Of course, TGCC published their own Theological Statement in which they condemned the denial of Penal Substitutionary Atonement as a “grave error”, but it was too little too late. Carter had already published that Cavey did not deny PSA, insisting rather that Cavey affirmed some valid variation of PSA (ignoring Cavey’s record of denying it and teaching against it), rendering TGCC’s statement moot.
Carter then participated in an episode of Unbelievable? and Wycliffe College’s Theology Pub Night (manuscript here) with Cavey to discuss their experience in Navigating Theological Differences. Again, Cavey was dishonest and manipulative and Carter seemed utterly naive.
So what happened? How did Carter get completely duped? Well, it would seem that Carter made the conscious choice to blaze his own trail when it came to dealing with false teaching instead of simply doing exactly what the Bible says. The Bible has a very simple plan for dealing with guys like Cavey — identify them based on their doctrine, warn the sheep about them, avoid them (Romans 16:17-18). In fact, it is a biblical requirement of an overseer that “he must hold firm to the trustworthy word as taught, so that he may be able to give instruction in sound doctrine and also to rebuke those who contradict it” (Titus 1:9, ESV). Instead of rebuking Cavey and warning others of his “grave error” Carter basically went on tour with him to show what a nice guy he could be to people he disagreed with.
After Carter’s article series, all kinds of pastors, elders, and other churchmen came out in defense of Cavey citing Carter as some kind of authority on the matter. Carter successfully rehabilitated Cavey’s reputation. The exact opposite of what would have happened had he simply looked to Scripture for his marching orders in dealing with false teachers.
Carter is only one example of many. Cavey has been publicly teaching serious errors on the authority of Scripture, the atonement, biblical sexual ethics, the person and nature of Jesus, inclusivism, and other doctrines for well over a decade. He’s done so at TMH, on podcasts, at conferences, and in seminary classrooms. Yet, Cavey flew under the radar of most of the Canadian Evangelical church at large, despite his massive influence. There were those who spoke up, but their warnings went largely unheeded. There was no available, published criticism of Cavey available when I started my research in 2017. Once the criticism became much more public, Pastor Reaume and I were criticized for having criticized him, rather than any substantial discussion of the objective facts regarding his teaching. **please see the note at the end of this article**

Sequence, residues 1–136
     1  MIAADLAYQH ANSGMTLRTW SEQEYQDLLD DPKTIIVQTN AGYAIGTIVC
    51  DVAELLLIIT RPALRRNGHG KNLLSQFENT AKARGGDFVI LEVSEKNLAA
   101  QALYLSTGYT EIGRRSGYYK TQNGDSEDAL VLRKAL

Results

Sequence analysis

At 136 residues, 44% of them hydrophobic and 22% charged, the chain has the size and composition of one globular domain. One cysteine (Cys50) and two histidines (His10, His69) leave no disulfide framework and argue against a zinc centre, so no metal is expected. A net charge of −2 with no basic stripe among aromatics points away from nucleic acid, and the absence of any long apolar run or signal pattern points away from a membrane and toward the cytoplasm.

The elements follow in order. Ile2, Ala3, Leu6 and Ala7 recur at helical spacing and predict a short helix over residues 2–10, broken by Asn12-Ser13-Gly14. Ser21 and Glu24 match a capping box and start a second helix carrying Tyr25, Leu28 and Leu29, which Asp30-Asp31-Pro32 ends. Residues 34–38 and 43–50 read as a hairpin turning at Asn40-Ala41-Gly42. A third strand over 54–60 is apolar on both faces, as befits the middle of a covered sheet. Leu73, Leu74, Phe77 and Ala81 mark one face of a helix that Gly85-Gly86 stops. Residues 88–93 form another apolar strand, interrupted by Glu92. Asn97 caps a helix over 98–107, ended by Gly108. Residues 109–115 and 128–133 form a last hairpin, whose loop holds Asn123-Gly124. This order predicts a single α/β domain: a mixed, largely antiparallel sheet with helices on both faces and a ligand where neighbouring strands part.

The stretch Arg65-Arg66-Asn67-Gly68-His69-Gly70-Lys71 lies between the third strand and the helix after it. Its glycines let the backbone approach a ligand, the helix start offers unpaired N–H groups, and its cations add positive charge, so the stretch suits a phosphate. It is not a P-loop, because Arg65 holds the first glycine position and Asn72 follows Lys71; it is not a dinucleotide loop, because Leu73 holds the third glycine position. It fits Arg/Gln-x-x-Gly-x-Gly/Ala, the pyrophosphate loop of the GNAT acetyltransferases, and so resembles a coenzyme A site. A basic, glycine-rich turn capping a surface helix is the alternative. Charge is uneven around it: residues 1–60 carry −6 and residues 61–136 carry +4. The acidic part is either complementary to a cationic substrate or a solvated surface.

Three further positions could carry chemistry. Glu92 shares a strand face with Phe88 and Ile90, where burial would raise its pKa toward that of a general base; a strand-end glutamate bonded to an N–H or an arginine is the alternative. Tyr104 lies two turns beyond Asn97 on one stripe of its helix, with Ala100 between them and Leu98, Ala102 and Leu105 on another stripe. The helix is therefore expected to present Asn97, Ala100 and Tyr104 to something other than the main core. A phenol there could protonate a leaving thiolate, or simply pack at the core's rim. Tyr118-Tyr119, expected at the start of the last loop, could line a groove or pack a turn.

Scripture is our sole authority when it comes to dealing with false teachers. It may not seem pleasant, some people might not think we’re nice, and the false teacher will most likely resent it, but this is not an occasion for Christian liberty. The Bible tells us exactly what to do, requires pastors to do it, and too many refused.
I have long thought that if there was one text that described Bruxy Cavey it was Romans 16:17,18.
I appeal to you, brothers, to watch out for those who cause divisions and create obstacles contrary to the doctrine that you have been taught; avoid them. For such persons do not serve our Lord Christ, but their own appetites, and by smooth talk and flattery they deceive the hearts of the naive.Romans 16:17,18 ESV
Cavey caused division by teaching false doctrines, and he was clearly serving his own sinful appetite. He was able to deceive the naive through smooth talk and flattery.
So I rejoice that Cavey is gone (for now). I feel vindicated in my assessment of Cavey. I fear God more and have a new appreciation for his word because of what’s happened. I remain cautious, being conscious of what I know and what I don’t. And I have a deeper understanding of how the Scriptures require us to deal with false teaching having witnessed first-hand the damage innovating our own approach can cause.
I hope this post was helpful to someone trying to think through what’s gone on. Writing it certainly helped me think it through.
When first published, I included the following: “To my knowledge not a single Canadian pastor ever called him out or called attention to his serious errors publicly prior to 2017.” I deleted it shortly after publication as it implied things I did not intend to imply.